I checked every window and door that a pregnant woman could safely reach. I looked under every rock, plant, rug, welcome mat, all the likely places for a hide-a-key. Even though I knew they were on a plane, I called my sister and mom. Don’t you know this is an emergency? I screamed to their cheerful outgoing messages.

Luckily, there was still Bob. My stepdad Bob was the one you call when your computer isn’t working, or you’re locked out of your house, or your hemorrhoids have gotten so bad that you can no longer drive (which was me a month after this story). I called Bob’s home and cell, but he had forwarded his two phones to each other, rendering them both useless. I looked again for hidden cameras.

Naptime was approaching faster than a whore on roller skates.

I called my sister’s neighbor, Kathryn. I called her eight times and finally got through. I tried not to cry, but you know when you’ve been trying to call everyone else in the world and they are all abandoning you like your dad did when you were three, and every guy you dated till you met your husband, and you finally reach someone who is alive and has an ear, and you’re eight months pregnant and it’s 108 degrees outside and you’re in a desperate hunt for a half an orange tank top that will probably save your child’s life?

I cried. A lot. To this day this woman probably thinks I’m a total lunatic. Calmly, she talked me through how to find the key to my sister’s house. Inside, in a plastic baggie next to the door, forgotten in a rush and looking like trash waiting to be taken outside, was the slightly less-preferred version of my son’s lovey. I grabbed it and got back in the car.

I drove to my son’s school, and burst through the gate like Mercury. My son had skipped nap entirely, but strangely seemed fine, playing outside in the sandbox, confused to see his mommy’s red tear streaked face. Then his teacher said, “I think we know where the other one is.”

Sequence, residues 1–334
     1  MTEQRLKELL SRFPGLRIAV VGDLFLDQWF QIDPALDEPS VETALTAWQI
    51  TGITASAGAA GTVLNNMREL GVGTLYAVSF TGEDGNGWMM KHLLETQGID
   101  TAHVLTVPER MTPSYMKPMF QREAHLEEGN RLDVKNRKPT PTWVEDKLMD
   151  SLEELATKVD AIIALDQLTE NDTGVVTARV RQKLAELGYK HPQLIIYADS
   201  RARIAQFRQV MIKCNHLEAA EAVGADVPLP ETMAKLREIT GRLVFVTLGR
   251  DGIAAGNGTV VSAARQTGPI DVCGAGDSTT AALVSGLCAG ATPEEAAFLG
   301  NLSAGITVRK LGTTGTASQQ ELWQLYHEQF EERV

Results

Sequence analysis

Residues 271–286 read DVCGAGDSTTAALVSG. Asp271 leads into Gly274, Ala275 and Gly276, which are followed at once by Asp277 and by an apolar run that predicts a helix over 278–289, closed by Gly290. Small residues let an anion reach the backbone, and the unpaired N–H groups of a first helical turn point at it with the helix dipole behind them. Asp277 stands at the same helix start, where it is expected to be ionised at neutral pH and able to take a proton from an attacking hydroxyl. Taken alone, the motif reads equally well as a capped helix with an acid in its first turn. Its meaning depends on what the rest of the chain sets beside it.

She explained the morning’s adventures, while my mind raced. How could they let him take Orange shirt to a park? Would you take the Mona Lisa to a day at the beach? I suppressed my rage and disbelief through a pursed-lip grimace. I thought of reporting them to social services, but I couldn’t waste the time. Orange shirt was out there… somewhere.

Now I really was on reality TV. I waddled out of the gate, and heaved my sweaty mass of pregnant self into the car.

I pulled up to the nearby park, as a homeless man was walking away with a small red wagon full of stuff. For one crazed moment, I imagined he had definitely stolen my son’s lovey. Why wouldn’t he? It’s very soft.

Trying to remain calm, I rolled down the window and said, “Excuse me?” I wasn’t going to be this close, and fail. “Excuse me, sir. Did you happen to see half of an orange tank top?” I was trying to be cool, but my red eyes, and shaky voice betrayed me. He stared at me blankly for a moment, and then said “yeah, I think it’s in the gazebo.”

Cue chariots of fire theme music. I ran across the park, my big belly bouncing. Looking like an old pair of underwear, abandoned on the cement, was Orange Shirt. I held it to my face, inhaling that sweet stinky-lovey smell–familiar and warm.

I felt for a moment, what my son must feel when he holds Orange Shirt. Like it was all going to be okay. Like this crazy shred of fabric, worn by me with my son in my belly, and loved by him every night, was a soft fabric umbilical cord of love between us, connected once again, never to be broken.

Someday I’m sure he will lose something I cannot retrieve for him, his innocence, his first heartbreak. But that crazy July day, I had caught his fall. I saved his Lovey, that symbol of my love, to take with him out into the world. The world might eventually fail him, but not his mother.

Friendship – for new moms

When I was in second grade, making  a new friend was sometimes as simple as giving away my juicebox, or sharing a seat on the bus ride home.  “Wanna be my friend?” my new pal would chime.  “Sure!” I would say back with a smile.  “Hey, I have that same Garfield sticker!”  Friendship begun.  Check.